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Square Enix: 'Games as a service' doesn't resonate with players

FFXIV has focused the whole company during period of overhaul, says CEO

As Square Enix continues to overhaul its business, the publisher has told GamesIndustry International that projects like the relaunch of Final Fantasy XIV have helped bring together the US, European and Japanese businesses.

The publisher of Tomb Raider and Deus Ex is focusing on online components for all games, but unlike other companies, CEO of US and Europe Phil Rogers isn't rolling out the 'games as a service' cliche.

"The hardest part has been getting the right people into leadership positions to take our business forward - hard because it is such a critical thing to get right"

"There's lots of talk in the industry about games becoming services - to be honest, as an expression this doesn't always resonate with people, especially gamers," he said. "For us online is a way to facilitate how we're looking at the word service to build on a game. So we're focusing on regular content updates, engaging gameplay mechanics, replayability and deep community."

During last week's financial results, the company iterated that all games from Square Enix will prioritise online play and components, from established brands to new projects like the Legacy of Kain spin-off Nosgoth and Heroes & Generals, in development by ex-Hitman developers Reto-Moto.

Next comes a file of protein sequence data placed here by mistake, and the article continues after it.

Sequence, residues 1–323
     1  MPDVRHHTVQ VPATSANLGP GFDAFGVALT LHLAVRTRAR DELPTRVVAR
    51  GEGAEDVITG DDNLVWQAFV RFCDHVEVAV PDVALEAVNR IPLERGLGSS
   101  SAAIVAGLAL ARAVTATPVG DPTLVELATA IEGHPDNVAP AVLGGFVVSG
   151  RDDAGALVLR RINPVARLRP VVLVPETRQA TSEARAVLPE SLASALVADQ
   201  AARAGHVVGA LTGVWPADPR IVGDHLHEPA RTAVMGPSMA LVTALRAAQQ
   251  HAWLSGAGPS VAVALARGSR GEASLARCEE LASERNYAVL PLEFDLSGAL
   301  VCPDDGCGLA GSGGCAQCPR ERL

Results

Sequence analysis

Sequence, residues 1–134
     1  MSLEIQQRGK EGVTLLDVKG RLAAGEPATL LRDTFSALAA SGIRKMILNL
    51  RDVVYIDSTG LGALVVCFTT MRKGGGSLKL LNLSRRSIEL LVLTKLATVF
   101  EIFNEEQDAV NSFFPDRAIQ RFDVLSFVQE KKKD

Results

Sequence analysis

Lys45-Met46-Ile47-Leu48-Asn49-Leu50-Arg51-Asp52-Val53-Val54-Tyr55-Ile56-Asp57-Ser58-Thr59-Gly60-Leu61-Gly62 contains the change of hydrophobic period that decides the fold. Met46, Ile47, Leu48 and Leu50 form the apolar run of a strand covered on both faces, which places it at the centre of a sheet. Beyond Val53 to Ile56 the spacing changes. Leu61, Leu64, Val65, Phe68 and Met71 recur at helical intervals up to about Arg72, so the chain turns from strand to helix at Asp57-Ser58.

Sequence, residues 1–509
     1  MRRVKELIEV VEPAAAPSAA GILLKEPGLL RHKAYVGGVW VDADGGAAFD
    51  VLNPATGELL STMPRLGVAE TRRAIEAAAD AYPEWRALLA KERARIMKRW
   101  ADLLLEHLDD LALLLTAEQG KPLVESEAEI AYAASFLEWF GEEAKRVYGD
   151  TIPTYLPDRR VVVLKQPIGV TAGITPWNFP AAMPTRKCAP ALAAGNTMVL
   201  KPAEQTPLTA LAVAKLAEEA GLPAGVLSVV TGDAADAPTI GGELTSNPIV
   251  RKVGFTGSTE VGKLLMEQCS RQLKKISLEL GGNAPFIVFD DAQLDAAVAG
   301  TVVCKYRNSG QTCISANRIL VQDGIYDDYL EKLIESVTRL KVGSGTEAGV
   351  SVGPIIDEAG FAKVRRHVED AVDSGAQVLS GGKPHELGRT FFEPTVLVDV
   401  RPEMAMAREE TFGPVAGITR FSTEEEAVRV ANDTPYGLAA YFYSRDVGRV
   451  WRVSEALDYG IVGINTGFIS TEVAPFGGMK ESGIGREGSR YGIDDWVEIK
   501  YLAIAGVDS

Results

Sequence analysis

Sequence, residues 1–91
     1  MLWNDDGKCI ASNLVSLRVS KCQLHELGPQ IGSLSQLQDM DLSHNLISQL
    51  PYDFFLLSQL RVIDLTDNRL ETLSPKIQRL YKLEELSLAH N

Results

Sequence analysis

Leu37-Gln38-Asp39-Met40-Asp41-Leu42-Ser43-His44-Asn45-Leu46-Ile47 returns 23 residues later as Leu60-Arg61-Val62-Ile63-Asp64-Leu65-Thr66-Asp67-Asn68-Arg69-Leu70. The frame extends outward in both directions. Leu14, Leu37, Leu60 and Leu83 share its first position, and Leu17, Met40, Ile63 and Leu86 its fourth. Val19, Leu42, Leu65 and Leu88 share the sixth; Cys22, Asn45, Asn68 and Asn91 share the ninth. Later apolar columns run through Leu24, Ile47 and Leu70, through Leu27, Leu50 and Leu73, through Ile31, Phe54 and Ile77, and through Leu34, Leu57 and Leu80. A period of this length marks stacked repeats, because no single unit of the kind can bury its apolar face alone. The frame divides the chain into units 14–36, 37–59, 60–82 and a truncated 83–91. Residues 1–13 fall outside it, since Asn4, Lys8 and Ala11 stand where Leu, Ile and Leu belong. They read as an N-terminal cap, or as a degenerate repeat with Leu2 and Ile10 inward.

"The emphasis in the financials was specifically to point out some new online games we're working on, Nosgoth was called out and Heroes and Generals would be another worthy mention. Now these are very particular types of games being free-to-play and PC based, but there are core principles here which apply to all our games, whether we're looking at our AAA console games which are a major part of our future strategy, smartphone and tablet games and PC games," said Rogers.

The publisher seems to be following a similar route to Sega by investing in new online ventures and supporting PC, tablet and mobile formats, so will that also mean less emphasis on console games despite the imminent release of new hardware - especially in light of recent underperforming titles in the Hitman and Tomb Raider franchises?

"That is a great question and I'm sure the question every company is asking themselves," said Rogers. "You have to stand by what you believe in and we have to believe in quality and engagement as two key measurements to succeed, so we take comfort in the fact that we can develop critically acclaimed games which deliver a deep level of engagement."

Rogers points to Avalanche's Just Cause 2, released in 2010, as evidence of engagement. "We've got to look at how people are actually playing our games - it totally amazes me that with Just Cause 2, which is over three years old now, we still have half a million active, unique players each month.

"That's a lot of people still engaged in the game, and some of the players have been there each month for the past six months. We couldn't have seen this when the game was originally designed. It's something Christofer Sundberg from Avalanche and I talk about a lot. So it's incredible to look at facts like that and to challenge our teams building new games to think about long-term engagement."

With new Tomb Raider and Deux Ex titles for the Xbox One and PlayStation 4, Rogers said development will need to be quicker than it was for the most recent releases on current gen hardware.

"There is the practical side of development, how we work quicker to lessen the time from development to release, whilst still delivering a great game experience. We're more focused on how we build and plan for success, we have some great games coming in the next six months, the recent Tomb Raider and Deus Ex next-gen announcements are something really exciting for the studio teams, the business teams and I hope our consumers too."